High performance .NETBuilding a Redis Clone–Architecture

time to read 5 min | 974 words

My previous attempts to write a Redis clone were done in about as straightforward a way as possible. Open a socket to listen on, have a separate Task for each client that reads from the network, parse the command and execute it. There are some smarts around supporting pipelining, but that is pretty much it.

Let’s take a step back and build ourselves a Redis clone that matches the actual Redis architecture more closely. In order to do that, I’ll need to do everything in a single thread. That is… surprisingly hard to do in C#. There are no APIs for doing the kind of work that Redis is doing. To be rather more exact, there is the Socket.Select() method, but that requires building everything on top of that (meaning that we have to handle buffering, string handling, etc).

Given that this is a way station to the final proposed architecture, I decided to skip this entirely. Instead, I’m going to focus first on removing the major bottleneck in the system, the ConcurrentDictionary.

The profiler results show that the biggest cost we have here is the scalability of the concurrent dictionary. Even when we tried to shard it across 1024 locks, it still took almost 50% of our runtime. The question is, can we do better? One good option that we can try is to shard things directly. Instead of using a single concurrent dictionary, we will split it to separate dictionaries, each one of them would be accessed without concurrency.

The idea goes like this, we’ll have the usual read & write for the clients. But instead of processing the command inline, we’ll route it to a dedicated thread (with its own dictionary) to do the work. I set it so we’ll have 10 such threads (assuming they will reside on individual cores and that I’ll be able to process all I/O on the other 6 cores.

Here are the results after the change:

============================================================================================================================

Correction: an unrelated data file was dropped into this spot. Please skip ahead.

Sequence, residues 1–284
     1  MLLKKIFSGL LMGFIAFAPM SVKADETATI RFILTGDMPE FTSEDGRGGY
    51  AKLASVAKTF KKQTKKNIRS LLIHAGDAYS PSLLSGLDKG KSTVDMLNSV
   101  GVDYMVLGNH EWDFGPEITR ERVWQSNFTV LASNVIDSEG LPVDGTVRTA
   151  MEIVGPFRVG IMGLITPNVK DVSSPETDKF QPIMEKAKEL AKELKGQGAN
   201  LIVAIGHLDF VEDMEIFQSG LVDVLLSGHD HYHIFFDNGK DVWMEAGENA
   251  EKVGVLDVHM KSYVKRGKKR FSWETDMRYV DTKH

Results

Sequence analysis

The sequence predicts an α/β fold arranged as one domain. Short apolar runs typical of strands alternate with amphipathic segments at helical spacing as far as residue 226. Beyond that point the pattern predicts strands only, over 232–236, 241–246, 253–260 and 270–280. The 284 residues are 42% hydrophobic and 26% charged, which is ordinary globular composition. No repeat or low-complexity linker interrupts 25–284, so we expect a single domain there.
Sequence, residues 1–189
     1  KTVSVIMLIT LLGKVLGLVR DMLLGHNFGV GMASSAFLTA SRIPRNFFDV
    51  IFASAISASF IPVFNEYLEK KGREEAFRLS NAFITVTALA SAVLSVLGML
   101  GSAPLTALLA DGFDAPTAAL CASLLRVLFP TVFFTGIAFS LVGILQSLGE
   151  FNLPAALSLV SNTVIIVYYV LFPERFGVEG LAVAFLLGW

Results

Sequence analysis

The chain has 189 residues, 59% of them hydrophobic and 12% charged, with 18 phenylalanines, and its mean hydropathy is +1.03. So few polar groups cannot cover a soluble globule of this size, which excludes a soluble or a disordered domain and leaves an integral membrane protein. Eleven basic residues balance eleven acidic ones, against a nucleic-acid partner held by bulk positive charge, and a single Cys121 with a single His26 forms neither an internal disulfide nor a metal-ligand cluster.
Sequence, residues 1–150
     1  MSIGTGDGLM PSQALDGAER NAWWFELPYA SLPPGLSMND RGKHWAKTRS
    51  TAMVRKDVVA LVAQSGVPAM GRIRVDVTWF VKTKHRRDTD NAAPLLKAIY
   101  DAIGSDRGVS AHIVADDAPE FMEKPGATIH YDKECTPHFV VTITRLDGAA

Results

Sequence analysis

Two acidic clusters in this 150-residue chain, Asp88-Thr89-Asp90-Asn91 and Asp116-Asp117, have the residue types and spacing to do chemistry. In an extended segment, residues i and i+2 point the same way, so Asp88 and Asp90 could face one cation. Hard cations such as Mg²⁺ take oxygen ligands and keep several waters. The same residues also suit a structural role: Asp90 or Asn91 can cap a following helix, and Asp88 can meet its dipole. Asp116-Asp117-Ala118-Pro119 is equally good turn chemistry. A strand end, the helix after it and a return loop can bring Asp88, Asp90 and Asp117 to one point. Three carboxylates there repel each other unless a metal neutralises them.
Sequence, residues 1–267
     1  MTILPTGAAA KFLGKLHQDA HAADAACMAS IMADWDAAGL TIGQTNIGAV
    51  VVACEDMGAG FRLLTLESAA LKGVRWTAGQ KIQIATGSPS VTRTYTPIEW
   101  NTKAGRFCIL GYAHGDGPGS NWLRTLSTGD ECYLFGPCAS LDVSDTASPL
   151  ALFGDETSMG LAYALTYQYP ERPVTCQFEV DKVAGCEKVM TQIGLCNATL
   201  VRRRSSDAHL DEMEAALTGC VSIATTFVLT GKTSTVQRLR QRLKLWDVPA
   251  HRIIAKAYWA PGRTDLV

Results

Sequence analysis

Type         Ops/sec     Hits/sec   Misses/sec    Avg. Latency     p50 Latency     p99 Latency   p99.9 Latency       KB/sec
----------------------------------------------------------------------------------------------------------------------------
Sets       113703.56          ---          ---         3.06261         0.95900        25.59900        39.93500     33743.38
Gets      1137015.79     19211.78   1117804.01         3.06109         0.95900        25.59900        39.93500     49150.52
Waits           0.00          ---          ---             ---             ---             ---             ---          ---
Totals    1250719.35     19211.78   1117804.01         3.06122         0.95900        25.59900        39.93500     82893.90

Note that we are now at 1.25 million, almost 25% better than the previous run.

Here are some profiler results of running this code:

image

So in this case, we are spending a lot of time doing string processing of various kinds, waiting for GC (almost 30%). The costs for collections went down a lot (but we’ll see that it shifted somewhat).

There are some other things that pop to mind, take a look here:

image

That is a surprising cost for a “simple” property lookup. The substrings calls are also expensive, over 6% of the overall runtime.

When looking at other parts of the system, we have:

image

This is really interesting, because we spend a lot of time just waiting for items in the queue. We could probably do more things in there rather than just wait.

I also tried various other concurrency values. With a single ExecWorker running, we have 404,187 ops/sec and with two of them we are at 715,157 ops/sec. When running with four threads dedicated to processing the requests, we are at 1,060,622.24 ops/sec.

So it is obvious that we need to rethink this approach for concurrency. We aren’t able to properly scale to bigger values.

Note that this approach also does not take advantage of pipelining. We process each command separately from all else. My next move is to add support for pipelining with this approach and measure that impact.

On the one hand, we are still at around the million mark, but given that I spent very little time (and not a lot of complexity) getting an extra 250,000 ops/second from that level of change is encouraging. The profiler is also telling us that there are more things that we can do, but I want to focus on fixing the approach we take first.

Here is the current state of the code, so you can compare it to the original one.

More posts in "High performance .NET" series:

  1. (27 Jun 2022) Building a Redis Clone – skipping strings
  2. (20 Jun 2022) Building a Redis Clone– the wrong optimization path
  3. (13 Jun 2022) Building a Redis Clone–separation of computation & I/O
  4. (10 Jun 2022) Building a Redis Clone–Architecture
  5. (09 Jun 2022) Building a Redis Clone–Analysis
  6. (08 Jun 2022) Building a Redis Clone–naively